America’s most experienced spaceflier and her three private astronaut crew members undocked from the International Space Station on Tuesday after a nine-day commercial survey mission.
After bidding farewell to the station’s seven full-time residents, Crew Dragon commander Peggy Whitson, pilot John Shoffner, and Saudi astronauts Ali Alqarni and Rayyanah Barnawi hovered in their SpaceX pod “Freedom,” closing the hatch and undocking at 11:11 a.m.: 5 a.m. EDT to begin a 12-hour flight back to Earth.
As the spacecraft slowly retreated, ISS astronaut Steve Bowen radioed Whitson and her crew farewell.
“It was a pleasure to have you on board,” he said. “We really appreciate all the hard work, and congratulations on an excellent mission. … We wish you calm seas and calm winds for your landing tonight. Take care. Fly safe.”
If all goes well, Whitson and Shoffner will monitor an automated 12-minute, 20-second deorbit rocket from 10:14 p.m., slowing the ship just enough to drop the other side of the runway into the atmosphere for a northwesterly direction. -southeast descent through the heart of America.
Splashdown in the Gulf of Mexico south of Panama City, Florida, is expected at 11:04 p.m. SpaceX recovery crews were positioned nearby to help the returning station fly out of the Crew Dragon for initial medical checks and a helicopter ride back to the mainland.
The aptly named Ax-2 mission marked the second visit to a commercial station chartered by Houston-based Axiom Space, which is designing a fully commercial laboratory complex to provide research capabilities in low Earth orbit following the International Space Station’s launch. end of the decade.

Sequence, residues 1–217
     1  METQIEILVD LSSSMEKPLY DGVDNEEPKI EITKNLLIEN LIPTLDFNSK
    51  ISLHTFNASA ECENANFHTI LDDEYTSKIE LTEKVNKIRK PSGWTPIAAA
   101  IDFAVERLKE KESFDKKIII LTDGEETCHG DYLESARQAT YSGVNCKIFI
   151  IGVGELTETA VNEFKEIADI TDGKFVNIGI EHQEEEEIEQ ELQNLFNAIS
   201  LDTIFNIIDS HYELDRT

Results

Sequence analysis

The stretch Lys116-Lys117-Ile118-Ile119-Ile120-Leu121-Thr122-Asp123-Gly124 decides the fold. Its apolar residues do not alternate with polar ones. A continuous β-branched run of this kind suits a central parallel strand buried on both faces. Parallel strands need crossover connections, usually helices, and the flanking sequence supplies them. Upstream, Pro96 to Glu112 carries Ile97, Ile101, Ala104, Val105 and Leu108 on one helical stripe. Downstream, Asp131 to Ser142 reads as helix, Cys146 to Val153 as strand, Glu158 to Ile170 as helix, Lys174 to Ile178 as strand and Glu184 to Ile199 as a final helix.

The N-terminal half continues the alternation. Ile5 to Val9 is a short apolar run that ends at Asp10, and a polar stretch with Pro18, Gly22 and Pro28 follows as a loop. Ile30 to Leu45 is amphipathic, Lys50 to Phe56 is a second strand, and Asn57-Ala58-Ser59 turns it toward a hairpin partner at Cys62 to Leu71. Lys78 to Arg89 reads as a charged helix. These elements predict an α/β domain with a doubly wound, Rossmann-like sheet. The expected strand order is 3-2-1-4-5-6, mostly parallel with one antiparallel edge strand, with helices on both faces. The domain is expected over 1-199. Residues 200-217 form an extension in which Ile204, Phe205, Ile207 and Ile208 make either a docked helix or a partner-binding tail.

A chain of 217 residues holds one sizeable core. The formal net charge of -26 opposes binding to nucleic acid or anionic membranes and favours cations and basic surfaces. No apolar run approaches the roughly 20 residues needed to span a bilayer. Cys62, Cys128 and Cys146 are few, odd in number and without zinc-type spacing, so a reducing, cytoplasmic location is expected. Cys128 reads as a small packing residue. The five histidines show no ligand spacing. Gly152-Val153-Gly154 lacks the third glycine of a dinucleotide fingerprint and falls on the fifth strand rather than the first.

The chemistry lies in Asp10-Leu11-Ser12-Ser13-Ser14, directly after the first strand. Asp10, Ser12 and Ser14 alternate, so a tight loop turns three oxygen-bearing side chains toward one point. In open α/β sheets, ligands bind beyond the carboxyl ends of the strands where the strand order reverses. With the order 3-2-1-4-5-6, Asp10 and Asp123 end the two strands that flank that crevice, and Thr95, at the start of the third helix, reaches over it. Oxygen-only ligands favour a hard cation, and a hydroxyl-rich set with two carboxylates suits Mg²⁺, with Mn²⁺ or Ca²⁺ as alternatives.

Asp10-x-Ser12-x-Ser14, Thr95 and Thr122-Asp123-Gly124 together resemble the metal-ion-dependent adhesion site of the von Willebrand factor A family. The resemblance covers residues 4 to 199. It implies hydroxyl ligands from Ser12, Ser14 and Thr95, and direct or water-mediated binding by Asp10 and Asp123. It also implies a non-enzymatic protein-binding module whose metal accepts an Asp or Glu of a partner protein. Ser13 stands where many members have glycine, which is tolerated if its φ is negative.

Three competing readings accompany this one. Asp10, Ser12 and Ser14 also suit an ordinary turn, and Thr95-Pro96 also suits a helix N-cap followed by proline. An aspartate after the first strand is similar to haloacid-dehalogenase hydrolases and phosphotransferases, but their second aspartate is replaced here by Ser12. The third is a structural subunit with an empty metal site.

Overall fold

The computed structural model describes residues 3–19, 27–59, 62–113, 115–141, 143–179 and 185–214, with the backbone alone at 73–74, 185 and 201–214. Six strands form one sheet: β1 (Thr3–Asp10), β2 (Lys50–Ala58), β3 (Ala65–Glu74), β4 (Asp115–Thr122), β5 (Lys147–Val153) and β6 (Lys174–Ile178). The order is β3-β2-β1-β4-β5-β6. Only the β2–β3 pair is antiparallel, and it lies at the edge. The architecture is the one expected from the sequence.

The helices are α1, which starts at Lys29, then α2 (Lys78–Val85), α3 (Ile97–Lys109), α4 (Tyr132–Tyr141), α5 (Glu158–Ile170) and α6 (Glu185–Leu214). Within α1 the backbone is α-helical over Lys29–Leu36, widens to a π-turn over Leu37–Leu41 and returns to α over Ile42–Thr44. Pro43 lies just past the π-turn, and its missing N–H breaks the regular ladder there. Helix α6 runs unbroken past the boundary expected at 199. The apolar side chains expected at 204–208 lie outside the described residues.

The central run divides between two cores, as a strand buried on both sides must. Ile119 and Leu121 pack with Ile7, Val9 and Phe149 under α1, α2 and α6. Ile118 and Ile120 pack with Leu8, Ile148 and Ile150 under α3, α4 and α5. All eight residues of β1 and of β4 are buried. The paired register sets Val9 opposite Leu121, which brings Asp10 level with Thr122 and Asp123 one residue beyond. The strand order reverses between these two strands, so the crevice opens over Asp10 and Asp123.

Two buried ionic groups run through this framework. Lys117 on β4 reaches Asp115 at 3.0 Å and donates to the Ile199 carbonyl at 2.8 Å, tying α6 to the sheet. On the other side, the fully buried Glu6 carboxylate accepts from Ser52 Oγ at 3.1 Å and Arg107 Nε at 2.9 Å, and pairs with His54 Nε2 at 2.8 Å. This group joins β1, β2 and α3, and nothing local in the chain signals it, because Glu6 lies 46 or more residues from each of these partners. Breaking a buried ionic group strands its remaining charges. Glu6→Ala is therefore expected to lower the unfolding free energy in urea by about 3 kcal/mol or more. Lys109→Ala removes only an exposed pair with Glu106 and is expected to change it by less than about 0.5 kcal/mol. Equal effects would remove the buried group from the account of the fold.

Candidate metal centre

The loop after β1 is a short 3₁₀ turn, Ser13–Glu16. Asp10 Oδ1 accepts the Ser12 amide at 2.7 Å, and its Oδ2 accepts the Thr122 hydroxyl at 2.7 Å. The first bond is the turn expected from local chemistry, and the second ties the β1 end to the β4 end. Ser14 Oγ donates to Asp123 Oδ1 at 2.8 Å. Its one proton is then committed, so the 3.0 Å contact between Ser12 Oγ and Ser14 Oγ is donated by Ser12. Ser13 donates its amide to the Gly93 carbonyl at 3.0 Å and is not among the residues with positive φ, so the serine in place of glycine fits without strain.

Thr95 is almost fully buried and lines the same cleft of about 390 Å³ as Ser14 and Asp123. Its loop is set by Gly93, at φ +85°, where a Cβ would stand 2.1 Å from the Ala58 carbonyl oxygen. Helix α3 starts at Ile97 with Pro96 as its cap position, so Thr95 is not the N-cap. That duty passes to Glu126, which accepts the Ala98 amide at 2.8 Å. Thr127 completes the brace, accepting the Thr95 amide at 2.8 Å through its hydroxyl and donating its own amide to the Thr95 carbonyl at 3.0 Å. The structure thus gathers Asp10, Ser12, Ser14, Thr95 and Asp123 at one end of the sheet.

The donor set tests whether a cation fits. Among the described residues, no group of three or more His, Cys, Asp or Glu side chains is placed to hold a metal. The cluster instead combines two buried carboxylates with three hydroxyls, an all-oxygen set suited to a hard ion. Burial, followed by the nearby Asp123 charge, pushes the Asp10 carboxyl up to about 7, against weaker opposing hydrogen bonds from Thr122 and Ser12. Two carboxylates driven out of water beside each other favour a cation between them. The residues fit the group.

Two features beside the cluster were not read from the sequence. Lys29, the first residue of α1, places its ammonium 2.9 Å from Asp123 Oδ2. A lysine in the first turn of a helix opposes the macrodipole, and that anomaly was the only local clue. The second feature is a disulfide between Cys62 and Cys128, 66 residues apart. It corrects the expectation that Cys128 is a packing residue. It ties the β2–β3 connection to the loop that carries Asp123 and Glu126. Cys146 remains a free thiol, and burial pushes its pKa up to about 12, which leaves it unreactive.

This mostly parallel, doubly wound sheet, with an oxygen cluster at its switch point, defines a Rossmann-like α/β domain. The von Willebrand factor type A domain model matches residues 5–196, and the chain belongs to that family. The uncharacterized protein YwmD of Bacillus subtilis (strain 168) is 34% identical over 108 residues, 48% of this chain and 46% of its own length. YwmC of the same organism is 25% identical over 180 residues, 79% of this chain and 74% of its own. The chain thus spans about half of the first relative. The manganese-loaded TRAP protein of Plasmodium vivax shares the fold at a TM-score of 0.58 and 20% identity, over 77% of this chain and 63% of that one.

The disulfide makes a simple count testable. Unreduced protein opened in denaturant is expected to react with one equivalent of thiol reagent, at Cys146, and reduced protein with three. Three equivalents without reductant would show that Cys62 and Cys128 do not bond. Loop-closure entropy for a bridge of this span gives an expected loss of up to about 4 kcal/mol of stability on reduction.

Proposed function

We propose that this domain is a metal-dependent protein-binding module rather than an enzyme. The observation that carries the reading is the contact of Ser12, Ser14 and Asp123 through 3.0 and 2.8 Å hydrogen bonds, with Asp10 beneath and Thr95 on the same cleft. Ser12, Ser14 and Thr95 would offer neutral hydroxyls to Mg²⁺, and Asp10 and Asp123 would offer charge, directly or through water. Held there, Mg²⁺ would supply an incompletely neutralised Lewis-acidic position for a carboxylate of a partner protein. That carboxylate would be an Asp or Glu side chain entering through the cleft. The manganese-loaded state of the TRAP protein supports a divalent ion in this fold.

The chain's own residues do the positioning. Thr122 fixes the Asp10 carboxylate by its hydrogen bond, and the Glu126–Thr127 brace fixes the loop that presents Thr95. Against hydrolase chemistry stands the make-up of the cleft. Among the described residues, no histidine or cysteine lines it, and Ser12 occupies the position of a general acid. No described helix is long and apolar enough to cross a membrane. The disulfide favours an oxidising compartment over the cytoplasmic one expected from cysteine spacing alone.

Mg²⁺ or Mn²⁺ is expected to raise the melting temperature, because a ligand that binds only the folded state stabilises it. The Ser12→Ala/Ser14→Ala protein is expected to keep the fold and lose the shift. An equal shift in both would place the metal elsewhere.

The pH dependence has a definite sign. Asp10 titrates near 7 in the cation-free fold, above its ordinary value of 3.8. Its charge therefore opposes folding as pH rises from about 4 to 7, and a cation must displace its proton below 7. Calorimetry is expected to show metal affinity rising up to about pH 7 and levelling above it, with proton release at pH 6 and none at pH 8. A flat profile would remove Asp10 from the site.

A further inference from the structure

Since IWhitson and company have spent long hours conducting 20 research projects and participating in multiple STEM broadcasts for students across Saudi Arabia to promote interest in math and science.
Whitson, 63, is no stranger to grueling space timelines.
A retired astronaut and now director of human space flight for Axiom, she is the most accomplished spaceflier in the United States. Upon landing, she will have spent 675 days and five hours in space over four flights, moving from tenth to ninth on the list of the world’s most accomplished astronauts and cosmonauts.
In a short farewell ceremony on Monday, she fought back tears as she thanked the station’s full-time crew for their hospitality.
“These guys welcomed us on board and helped us a lot,” she said. “But they’ve also just been so courteous and friendly, which we all really appreciate. We felt at home while we were here. Thank you. And I’ll be back!”
Barnawi also got choked up saying, “Every story comes to an end. And this is just the beginning of a new era for our country and our region. So I want to thank everyone here who helped us.”
Concluded NASA Astronaut Frank Rubio: “Many tears of honest joy here as we’ve had a great team and a great week. So congratulations to the Axiom team. Your crew did a great job. Congratulations to SpaceX on a wonderful launch, and which we are sure will be a wonderful recovery.”
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